A distinguished member of the Better Records Rock and Pop Hall of Fame.
TWO AMAZING SIDES RATING AT OR NEAR A+++ for this the MONO pressing! It’s beyond difficult to find copies of this album with good sound, but we managed to get a hold of a hot one here. This is a true solo album — guitar, vocals and harmonica — and it’s a lot of fun to hear a young (20!) Dylan playing the way he might have played in the coffee shops and folk clubs of Greenwich Village.
The sound is richer and fuller than the average pressing; it’s also unusually lively and present. Above all the sound is natural and musical, the qualities that matter the most on a record like this.
And that’s not all! It’s also dynamic, lively, and tonally correct from top to bottom. The clarity is superb and even the harmonica sounds good. There’s tons of ambience — you can really hear the sound of the room around Dylan’s vocals.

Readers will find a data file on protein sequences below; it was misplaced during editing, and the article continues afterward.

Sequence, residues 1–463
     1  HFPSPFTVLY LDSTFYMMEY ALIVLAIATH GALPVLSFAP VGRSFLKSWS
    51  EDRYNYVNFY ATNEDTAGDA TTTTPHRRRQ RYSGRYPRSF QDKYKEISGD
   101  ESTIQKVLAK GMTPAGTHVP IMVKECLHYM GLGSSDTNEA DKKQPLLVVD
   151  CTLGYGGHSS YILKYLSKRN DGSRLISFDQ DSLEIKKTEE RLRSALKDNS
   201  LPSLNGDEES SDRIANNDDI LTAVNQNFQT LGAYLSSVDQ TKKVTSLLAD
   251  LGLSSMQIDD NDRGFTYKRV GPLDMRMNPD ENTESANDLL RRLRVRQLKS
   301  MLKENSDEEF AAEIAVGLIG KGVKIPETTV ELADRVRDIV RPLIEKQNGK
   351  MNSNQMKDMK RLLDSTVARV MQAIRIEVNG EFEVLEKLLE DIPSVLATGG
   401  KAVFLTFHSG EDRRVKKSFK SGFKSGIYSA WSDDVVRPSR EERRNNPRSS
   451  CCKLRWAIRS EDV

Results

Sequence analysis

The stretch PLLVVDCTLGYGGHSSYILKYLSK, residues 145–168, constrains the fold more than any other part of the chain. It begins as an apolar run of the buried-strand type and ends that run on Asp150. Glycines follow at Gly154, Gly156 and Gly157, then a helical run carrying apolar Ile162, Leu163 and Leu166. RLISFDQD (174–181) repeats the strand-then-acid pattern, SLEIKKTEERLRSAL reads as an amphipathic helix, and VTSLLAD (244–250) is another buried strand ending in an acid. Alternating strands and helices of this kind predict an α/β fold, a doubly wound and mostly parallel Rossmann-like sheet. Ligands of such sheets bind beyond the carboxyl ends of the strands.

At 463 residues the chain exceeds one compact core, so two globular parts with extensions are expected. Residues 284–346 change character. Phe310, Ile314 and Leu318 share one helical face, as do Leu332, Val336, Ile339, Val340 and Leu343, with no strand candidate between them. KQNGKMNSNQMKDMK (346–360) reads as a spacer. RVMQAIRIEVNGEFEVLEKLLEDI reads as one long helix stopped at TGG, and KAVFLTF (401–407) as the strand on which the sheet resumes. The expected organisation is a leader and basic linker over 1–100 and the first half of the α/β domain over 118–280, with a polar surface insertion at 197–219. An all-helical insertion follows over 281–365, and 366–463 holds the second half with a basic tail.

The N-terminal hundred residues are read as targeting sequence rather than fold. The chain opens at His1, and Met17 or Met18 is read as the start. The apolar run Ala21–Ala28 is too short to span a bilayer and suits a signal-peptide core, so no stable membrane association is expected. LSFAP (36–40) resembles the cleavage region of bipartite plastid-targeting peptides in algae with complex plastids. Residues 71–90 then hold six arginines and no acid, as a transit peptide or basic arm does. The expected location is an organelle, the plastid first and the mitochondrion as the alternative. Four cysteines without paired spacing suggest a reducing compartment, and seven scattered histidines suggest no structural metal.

This Mono pressing was the overall winner of our shootout. Although the Stereo copies bring some great qualities of their own to the table, on a stripped-down recording like this the usual stereo advantages (wider soundfield, more separation) are somewhat minimized.
You’re No Good
Talkin’ New York
In My Time of Dyin’
Man of Constant Sorrow
Fixin’ to Die
Baby, Let Me Follow You Down
House of the Risin’ Sun
Freight Train Blues
Song to Woody
See That My Grave Is Kept Clean
Bob Dylan’s first album is a lot like the debut albums by the Beatles and the Rolling Stones — a sterling effort, outclassing most, if not all, of what came before it in the genre, but similarly eclipsed by the artist’s own subsequent efforts.